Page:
Aquascape clichés I'm tired of

Zachsnanotanks

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When I started aquascaping I was drawn to what all the big aquascapers would make and allot of times you'd start to see the same things over and over again. Examples

Neon tetras
Dragon stone
Black substrate
Monte Carlo
Spider wood

And the list could go on I'm sure. I'm not against using these cliché I even use them they look great. To all the aquascapers out there I'd love to see something so out there something nobody has ever done.

Anyways that's my rant on clichés
 

PascalKrypt

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Behold, my glorious pile of dirt!
IMG_2729.JPG

clearly very carefully aquascaped, everything in the exact spot I meant for it to grow, uh-huh

Seriously though, there is a reason those are cliche's obviously, they just look really great. But I get what you mean. Everything doing variations on the same theme gets boring.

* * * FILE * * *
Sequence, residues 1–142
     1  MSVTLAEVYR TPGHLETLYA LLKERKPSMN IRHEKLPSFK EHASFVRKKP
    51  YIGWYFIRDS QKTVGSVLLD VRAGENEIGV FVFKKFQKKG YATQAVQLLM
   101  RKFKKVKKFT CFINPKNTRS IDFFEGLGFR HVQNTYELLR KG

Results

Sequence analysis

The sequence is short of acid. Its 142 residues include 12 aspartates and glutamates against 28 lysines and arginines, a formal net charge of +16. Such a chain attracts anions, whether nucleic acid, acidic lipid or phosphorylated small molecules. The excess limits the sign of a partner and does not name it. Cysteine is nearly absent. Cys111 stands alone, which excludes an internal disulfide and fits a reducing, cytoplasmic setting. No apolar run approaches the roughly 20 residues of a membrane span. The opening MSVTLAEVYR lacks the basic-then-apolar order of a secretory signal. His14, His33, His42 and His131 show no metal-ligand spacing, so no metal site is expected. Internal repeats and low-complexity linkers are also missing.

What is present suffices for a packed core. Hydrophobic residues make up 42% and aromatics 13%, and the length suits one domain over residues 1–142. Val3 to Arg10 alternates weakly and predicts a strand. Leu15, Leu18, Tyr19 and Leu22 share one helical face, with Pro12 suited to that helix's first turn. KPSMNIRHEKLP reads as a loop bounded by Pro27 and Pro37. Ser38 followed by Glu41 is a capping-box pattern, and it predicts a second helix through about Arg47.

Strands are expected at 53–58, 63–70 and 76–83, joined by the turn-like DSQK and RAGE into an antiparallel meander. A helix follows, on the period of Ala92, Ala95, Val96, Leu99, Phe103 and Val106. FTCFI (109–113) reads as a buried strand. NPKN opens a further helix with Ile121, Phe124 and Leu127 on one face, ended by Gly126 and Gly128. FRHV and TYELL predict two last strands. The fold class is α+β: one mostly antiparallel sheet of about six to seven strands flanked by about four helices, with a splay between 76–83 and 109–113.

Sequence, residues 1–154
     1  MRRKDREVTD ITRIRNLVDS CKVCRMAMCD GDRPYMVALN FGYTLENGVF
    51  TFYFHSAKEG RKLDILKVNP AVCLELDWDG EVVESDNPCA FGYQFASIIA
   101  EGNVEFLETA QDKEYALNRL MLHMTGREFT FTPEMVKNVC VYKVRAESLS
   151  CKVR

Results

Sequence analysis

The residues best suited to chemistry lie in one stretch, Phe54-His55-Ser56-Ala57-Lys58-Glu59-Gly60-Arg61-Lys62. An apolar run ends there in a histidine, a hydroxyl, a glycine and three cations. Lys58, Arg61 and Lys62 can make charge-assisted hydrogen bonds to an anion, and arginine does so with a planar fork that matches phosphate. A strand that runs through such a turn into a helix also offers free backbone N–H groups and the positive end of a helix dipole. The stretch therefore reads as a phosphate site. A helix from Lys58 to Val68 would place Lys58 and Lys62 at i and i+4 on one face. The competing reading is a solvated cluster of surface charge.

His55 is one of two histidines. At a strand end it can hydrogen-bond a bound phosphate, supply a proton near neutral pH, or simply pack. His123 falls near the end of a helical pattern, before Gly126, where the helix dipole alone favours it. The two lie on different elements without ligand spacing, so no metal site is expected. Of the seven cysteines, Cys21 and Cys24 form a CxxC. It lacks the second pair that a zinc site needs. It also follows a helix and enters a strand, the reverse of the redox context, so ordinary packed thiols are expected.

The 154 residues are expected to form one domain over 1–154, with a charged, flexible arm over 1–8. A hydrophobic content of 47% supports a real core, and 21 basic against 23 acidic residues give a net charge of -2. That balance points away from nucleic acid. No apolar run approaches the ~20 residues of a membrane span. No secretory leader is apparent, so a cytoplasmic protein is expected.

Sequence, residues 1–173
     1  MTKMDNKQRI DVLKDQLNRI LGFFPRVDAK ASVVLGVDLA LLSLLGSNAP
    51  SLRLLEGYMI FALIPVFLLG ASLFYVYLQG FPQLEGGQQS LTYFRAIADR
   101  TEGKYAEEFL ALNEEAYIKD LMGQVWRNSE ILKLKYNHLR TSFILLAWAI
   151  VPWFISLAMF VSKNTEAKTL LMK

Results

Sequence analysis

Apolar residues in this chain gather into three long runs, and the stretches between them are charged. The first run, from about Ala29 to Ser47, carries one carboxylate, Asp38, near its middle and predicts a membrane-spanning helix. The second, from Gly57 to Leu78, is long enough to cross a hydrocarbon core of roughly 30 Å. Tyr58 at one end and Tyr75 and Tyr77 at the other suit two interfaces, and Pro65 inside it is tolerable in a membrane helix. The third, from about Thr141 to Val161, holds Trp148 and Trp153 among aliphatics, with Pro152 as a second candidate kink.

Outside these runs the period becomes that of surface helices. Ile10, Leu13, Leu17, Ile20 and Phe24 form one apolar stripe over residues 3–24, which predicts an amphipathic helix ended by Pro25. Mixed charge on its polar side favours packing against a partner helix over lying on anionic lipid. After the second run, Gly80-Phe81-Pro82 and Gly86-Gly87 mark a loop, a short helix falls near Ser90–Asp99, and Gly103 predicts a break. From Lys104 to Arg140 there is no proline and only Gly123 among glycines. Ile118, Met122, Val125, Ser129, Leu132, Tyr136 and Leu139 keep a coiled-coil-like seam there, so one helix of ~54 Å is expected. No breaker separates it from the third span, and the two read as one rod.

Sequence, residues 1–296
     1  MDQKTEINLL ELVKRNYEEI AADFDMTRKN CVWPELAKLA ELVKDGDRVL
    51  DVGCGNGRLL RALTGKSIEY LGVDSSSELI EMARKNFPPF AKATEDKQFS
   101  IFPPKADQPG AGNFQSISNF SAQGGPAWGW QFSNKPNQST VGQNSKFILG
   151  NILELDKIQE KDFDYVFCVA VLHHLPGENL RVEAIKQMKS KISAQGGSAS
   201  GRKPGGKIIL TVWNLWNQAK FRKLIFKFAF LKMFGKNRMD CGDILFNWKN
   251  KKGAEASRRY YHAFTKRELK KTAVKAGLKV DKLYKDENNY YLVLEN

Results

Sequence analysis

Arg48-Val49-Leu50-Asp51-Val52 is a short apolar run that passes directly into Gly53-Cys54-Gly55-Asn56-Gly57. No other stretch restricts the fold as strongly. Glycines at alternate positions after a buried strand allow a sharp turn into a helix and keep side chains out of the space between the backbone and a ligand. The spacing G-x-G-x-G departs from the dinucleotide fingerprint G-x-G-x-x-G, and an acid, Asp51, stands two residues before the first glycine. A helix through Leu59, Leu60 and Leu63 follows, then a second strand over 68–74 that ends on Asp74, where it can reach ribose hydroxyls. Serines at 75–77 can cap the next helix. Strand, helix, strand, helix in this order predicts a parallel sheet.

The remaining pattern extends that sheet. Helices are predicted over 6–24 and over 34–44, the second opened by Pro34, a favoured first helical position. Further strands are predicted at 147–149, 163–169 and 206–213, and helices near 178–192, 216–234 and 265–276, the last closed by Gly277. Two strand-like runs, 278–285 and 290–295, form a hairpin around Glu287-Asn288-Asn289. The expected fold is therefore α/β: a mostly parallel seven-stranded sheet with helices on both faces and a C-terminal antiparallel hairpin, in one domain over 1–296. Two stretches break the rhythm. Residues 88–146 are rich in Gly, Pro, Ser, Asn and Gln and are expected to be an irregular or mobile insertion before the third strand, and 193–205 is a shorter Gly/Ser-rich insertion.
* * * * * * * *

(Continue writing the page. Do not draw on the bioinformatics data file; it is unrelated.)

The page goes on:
Edit: oh, and another carefully crafted pile of green and brown:
IMG_2753.JPG

I call it: the dying spider.
 

CaptainGratin

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My current aquascaped tank has dragon stone, a big centerpiece spider wood, and you guessed it... black substrate! Definitely very common but I’m not yet tired of it.

My brother found a crazy weathered huge piece of cedar that looks windswept, so I’m thinking of setting up my next tank with that as the focal point along with brown fluorite substrate with java moss carpet and some smaller granite stones.... a little change up